Nobody here (well, none of the reasonable people here) thinks that there's anything at all wrong with Airbus' engineers, or even most of their managers, but clearly something was done very very wrong with the A380 program, but beyond that, and even worse, is that once these issues were highlighted, Airbus has (to this point) continuously denied any problem at all, and even reacting with borderline hostility to any suggestion that there might be a problem.

Don't get me wrong. I genuinely love Airbus aircraft, after all, if it has two wings (or four), it would honor me to fly it. However, it cannot be argued that this particular incident was handled tactfully or skillfully, despite the hard work of all the brilliant people who work at Airbus.
I'm not pro-Boeing or pro-Airbus, I'm pro-crew all the way.
 
zvezda
Posts: 8891
Joined: Sat Aug 28, 2004 8:48 pm

RE: Some Questions Regarding The 787....

Tue Oct 24, 2006 2:56 pm

Quoting Bohlman (Reply 42):
EA 401 was good flight except for an extremely small issue, that ended up killing 103 people. Though the flight lasted 2 hours, a $12 light bulb caused a 10 minute sequence that caused what people could easily refer to as a "fiasco".

If we accept Hb88's reasoning, then one can't call EA401 a fiasco, only one small technical aspect of the flight was a fiasco. That 103 people are killed or an EIS is two years late does not reflect badly on the flight overall or the program overall, only on one small technical aspect of the flight or program.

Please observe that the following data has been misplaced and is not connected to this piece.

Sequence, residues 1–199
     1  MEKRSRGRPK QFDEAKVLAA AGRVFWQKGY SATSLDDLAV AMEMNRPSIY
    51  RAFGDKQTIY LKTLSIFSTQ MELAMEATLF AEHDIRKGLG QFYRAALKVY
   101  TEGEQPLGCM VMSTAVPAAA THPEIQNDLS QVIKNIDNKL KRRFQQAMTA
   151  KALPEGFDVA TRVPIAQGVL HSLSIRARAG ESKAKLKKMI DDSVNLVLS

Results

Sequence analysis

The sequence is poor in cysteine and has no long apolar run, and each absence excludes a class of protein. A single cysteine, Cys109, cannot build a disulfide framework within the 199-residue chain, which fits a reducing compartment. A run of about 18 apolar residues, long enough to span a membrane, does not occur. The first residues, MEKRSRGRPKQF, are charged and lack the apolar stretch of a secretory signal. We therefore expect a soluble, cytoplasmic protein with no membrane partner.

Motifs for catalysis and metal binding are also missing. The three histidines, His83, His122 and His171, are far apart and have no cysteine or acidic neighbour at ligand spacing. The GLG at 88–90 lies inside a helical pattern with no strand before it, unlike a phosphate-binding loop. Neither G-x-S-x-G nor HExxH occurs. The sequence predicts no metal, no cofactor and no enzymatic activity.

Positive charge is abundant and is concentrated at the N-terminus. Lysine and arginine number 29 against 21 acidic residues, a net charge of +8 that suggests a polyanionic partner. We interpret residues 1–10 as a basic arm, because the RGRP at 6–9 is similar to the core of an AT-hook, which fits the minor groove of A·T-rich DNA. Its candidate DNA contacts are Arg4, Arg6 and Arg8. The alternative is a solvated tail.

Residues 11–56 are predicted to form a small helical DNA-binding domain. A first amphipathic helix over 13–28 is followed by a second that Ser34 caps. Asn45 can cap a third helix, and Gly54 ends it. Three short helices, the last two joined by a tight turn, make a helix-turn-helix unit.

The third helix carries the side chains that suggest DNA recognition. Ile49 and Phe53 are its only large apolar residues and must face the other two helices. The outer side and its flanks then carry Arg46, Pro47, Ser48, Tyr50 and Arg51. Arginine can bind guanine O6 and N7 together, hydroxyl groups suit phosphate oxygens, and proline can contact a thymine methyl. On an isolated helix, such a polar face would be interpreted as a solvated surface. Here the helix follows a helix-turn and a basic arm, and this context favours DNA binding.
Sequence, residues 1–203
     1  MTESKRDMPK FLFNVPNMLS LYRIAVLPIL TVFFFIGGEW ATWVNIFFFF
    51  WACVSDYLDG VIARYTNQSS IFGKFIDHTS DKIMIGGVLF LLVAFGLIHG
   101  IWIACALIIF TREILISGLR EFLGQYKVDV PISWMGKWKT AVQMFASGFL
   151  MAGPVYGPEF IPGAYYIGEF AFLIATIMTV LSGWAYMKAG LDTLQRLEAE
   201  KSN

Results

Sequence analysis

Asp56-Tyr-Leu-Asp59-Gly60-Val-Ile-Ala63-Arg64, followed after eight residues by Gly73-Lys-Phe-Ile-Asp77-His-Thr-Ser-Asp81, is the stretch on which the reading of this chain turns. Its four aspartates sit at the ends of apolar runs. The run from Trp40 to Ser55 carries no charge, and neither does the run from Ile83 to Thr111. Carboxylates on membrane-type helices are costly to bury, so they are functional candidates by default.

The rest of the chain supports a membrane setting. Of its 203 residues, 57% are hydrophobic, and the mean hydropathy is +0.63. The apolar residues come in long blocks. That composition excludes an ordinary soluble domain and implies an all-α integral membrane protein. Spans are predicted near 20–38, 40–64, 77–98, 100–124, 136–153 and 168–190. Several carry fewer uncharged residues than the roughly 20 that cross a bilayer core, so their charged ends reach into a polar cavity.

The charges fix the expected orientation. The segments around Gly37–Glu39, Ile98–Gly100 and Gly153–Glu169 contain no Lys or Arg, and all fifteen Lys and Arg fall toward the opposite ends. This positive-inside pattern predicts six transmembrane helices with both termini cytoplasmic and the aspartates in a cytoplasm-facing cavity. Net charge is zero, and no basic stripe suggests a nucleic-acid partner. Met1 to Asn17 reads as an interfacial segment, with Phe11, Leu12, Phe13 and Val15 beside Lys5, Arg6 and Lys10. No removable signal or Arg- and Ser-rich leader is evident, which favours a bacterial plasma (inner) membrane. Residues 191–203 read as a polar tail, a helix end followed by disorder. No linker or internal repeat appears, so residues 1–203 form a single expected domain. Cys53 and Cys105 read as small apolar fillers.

Other than that Mrs. Lincoln, how did you enjoy the show?
 
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autothrust
Posts: 1458
Joined: Sun Jun 11, 2006 8:54 pm

RE: Some Questions Regarding The 787....

Tue Oct 24, 2006 6:16 pm

Quoting Beaucaire (Reply 11):
Why is it ,that whenever someone starts asking critical questions about Boeing aircraft ,one is accused to put in invalid or dummy demands ,but any verbal B.S. towards Airbus are judged serious and valid participations to this forum....

Indeed, Boeing is the holy cow. And some Boeing die-hard fans dont want to accept constructive criticism.    Btw welcome on my RU-list.

Quoting Beaucaire (Reply 13):
I would not have expected a different annswer from an a.netter with a logo "Polymer Plane.."
There is a fine line between "technically feasable" and commercially sustainable.Don't come back with arguments tied to the A380-the standard reply- but try to explain why Boeing is to quiet about work-progress on the 787 ?

Couldnt agree more.

Quoting Solnabo (Reply 17):
Sandbox level when it comes to A vs B and I´m one of them, at least I admit it.

Yes thats really sad, its like the kindergarden. Airliners needs more Moderators.

Quoting Zvezda (Reply 38):
The technical and production risk was minimal.

Untrue, its not that easy to build a plane in this magnitude, even Boeing confirmed it. Also the A380 has a lot new technologys. Sure the 787 has bigger risk, but to call the A380 technical and production risk minimal is just bad.   

6000psi Hydraulics, GLARE, Composite Wingbox, 500km wiring, power by wire,IMA, Production process with gigantic parts ,etc...

Quoting NYC777 (Reply 10):